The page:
I was diagnosed in 2015 with Stage iv high grade serous ovarian cancer. I went on a dose dense weekly chemo protocol, had debulking surgery, then 2 more cycles of chemo. I was pleasantly surprised that I had no major adverse reactions to chemo, and had 2 1/2 years of remission before recurrence. A week ago I had my first chemo session with large dose of paclitaxel and carboplatin (GOOVCTR) to be administered every 3 weeks. The side effects of this protocol are far more serious, because of the joint and nerve pain I am still experiencing a week after the treatment. It feels like I am walking on pins and needles. I am concerned that the nerve damage could possibly be permanent after 6 rounds on this chemo. Has anyone experienced this, and if so, how are you doing after treatment? The fatigue and slight nausea I can handle, but nerve pain not so much. Any information would be appreciated
There is a lot of useful information here, but never hesitate to ask questions at any time.
I had neuropathy combined with hand and foot syndrome with my last round of Carboplatin /Paclitaxel. We switched to Docetaxel and reduced the dosage.
I found much of the neuropathy and nail issues disappeared after a 8 week chemo break following an allergic reaction to the Carboplatin.
I am now back on Cisplatin with Docetaxel and I have an increase in neuropathy and nail pain already after 1 cycle. Will see how it goes for the next two cycles before I am reassessed as to the effectiveness of this regime on my disease. It might just be a side effect I have to tolerate.
I have a sort of 'funny story,' but I'll see if I can post it in the neuropathy section.
You are welcome to post your story on your bio page if you like as well.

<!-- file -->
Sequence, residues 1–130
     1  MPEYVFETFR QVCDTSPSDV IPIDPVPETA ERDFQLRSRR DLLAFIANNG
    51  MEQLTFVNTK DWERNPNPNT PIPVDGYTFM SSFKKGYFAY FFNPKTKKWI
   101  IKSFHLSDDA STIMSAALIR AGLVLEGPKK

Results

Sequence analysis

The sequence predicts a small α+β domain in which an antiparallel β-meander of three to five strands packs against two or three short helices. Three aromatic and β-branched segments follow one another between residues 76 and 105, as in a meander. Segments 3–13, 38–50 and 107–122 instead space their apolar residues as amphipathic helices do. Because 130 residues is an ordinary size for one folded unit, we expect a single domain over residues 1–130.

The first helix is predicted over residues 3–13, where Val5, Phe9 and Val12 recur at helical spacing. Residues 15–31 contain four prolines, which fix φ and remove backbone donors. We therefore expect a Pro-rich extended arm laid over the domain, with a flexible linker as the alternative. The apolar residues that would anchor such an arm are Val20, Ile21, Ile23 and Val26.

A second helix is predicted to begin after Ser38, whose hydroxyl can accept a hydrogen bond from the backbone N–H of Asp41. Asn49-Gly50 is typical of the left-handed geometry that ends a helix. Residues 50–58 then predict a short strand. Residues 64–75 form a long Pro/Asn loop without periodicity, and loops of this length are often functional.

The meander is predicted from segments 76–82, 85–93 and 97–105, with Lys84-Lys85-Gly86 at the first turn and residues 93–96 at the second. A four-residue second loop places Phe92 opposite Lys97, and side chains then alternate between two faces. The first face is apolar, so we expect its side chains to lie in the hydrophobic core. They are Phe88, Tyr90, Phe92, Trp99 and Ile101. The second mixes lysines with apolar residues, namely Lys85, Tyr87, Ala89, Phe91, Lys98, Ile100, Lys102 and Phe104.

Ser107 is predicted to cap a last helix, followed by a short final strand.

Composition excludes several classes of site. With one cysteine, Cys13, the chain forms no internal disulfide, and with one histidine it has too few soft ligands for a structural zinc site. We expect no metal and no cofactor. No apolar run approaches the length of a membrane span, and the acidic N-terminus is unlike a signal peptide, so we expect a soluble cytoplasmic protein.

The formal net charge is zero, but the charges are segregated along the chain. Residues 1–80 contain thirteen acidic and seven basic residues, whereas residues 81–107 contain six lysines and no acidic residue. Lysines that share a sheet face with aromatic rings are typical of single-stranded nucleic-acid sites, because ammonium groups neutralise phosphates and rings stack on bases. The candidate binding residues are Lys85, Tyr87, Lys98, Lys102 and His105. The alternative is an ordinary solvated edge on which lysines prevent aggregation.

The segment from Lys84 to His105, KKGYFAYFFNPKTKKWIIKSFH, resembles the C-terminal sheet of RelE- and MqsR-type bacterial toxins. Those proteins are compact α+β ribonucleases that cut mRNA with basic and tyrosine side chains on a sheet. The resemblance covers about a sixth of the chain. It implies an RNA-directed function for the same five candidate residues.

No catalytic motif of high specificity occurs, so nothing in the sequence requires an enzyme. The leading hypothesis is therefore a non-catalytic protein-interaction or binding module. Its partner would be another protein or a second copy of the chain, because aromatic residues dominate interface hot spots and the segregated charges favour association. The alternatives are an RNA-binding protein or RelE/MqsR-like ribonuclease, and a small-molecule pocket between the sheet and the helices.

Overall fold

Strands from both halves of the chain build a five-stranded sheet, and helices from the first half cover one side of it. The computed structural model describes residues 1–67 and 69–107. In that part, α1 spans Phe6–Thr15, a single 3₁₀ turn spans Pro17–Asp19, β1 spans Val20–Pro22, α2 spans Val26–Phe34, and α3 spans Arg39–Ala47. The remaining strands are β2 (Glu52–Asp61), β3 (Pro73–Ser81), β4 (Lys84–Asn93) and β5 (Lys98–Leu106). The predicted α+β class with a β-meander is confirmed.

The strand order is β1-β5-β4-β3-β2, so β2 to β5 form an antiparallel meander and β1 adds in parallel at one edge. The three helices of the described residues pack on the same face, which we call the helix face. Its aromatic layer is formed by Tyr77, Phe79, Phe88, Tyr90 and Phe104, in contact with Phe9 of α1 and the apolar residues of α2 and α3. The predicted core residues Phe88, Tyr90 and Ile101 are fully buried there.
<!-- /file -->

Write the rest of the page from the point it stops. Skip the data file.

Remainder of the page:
We try to meet by live chat on Tuesdays at 7:00 PMCST if you are around to join us.
I'll also direct message you.
There are 4 pages of topics so you may want to take some time to view the past posts to see the experiences/comments the chat participants have shared. There are also previously recorded webinars on the main site which I have found most helpful. You can find one here on coping with treatment / side effects:
I'll also private message you.
We invite you to review the past topics on the site and hope you will find much support from everyone.
I'll also direct connect with you.
During my fourth chemo, I developed a rash on my neck, throat and upper chest, so they stopped my chemo for a half hour ? an hour? while consulting the doctor. I was given additional pre-meds, something I had already been given, but more of it, and the chemo was started again, but given more slowly. So we were there for 7 hours that day, instead of five and a half to six hours.
So for my next two chemos, I had to take a bunch of pills at 3:00 AM, ahead of the chemo. The rash wasn't itchy. It was the nurse who noticed it.
How are things now, JanCan?
Days post chemo, sometimes the rash shows up or welt like bumps (hello acne again)
as always - check in with your team about anything new or bothersome so they can assist in the management of those side effects.
Don't be discouraged after one treatment. Over the next few, with good communication in the chemo room and your follow ups with your oncologist, things should get adjusted to make it easier for you.
If you haven't already ordered it, I recommend By Your Side which you can order soft copy from Ovarian Cancer Canada. It's very helpful in guiding you through your treatment. https://ovariancanada.org/Living-with-Ovarian-Cancer/Support-resources
Keep us posted on how you're doing and please continue to reach out as needed. We're all here for you.
Thanks for these posts - I wasn’t “ready” to process and share in this way, but am so uplifted to read everyone helping, supporting, and empathizing. So grateful.
When I was having chemo, 4 years ago, I had the most annoying restless leg syndrome during chemo, especially during the second hour. So I would get out of the big chair, and just stand there, tightening my leg muscles. One or two of the nurses were a little worried, thinking my IV could come loose or something, but everything was fine.
(Well, at a certain point, I started visiting the washroom every 30 or 25 minutes, which of course, involves getting out of that big chair!)